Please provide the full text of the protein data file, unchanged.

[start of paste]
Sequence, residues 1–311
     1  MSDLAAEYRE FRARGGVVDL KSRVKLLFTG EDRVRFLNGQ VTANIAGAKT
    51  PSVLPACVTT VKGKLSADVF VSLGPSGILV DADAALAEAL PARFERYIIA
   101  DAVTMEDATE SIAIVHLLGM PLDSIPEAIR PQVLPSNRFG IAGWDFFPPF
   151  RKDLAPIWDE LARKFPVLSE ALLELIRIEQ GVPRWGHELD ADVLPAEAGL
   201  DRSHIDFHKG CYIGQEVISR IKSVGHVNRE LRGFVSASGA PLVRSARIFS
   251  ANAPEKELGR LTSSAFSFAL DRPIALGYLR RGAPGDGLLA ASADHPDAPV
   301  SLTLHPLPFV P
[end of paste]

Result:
Sequence, residues 1–311
     1  MSDLAAEYRE FRARGGVVDL KSRVKLLFTG EDRVRFLNGQ VTANIAGAKT
    51  PSVLPACVTT VKGKLSADVF VSLGPSGILV DADAALAEAL PARFERYIIA
   101  DAVTMEDATE SIAIVHLLGM PLDSIPEAIR PQVLPSNRFG IAGWDFFPPF
   151  RKDLAPIWDE LARKFPVLSE ALLELIRIEQ GVPRWGHELD ADVLPAEAGL
   201  DRSHIDFHKG CYIGQEVISR IKSVGHVNRE LRGFVSASGA PLVRSARIFS
   251  ANAPEKELGR LTSSAFSFAL DRPIALGYLR RGAPGDGLLA ASADHPDAPV
   301  SLTLHPLPFV P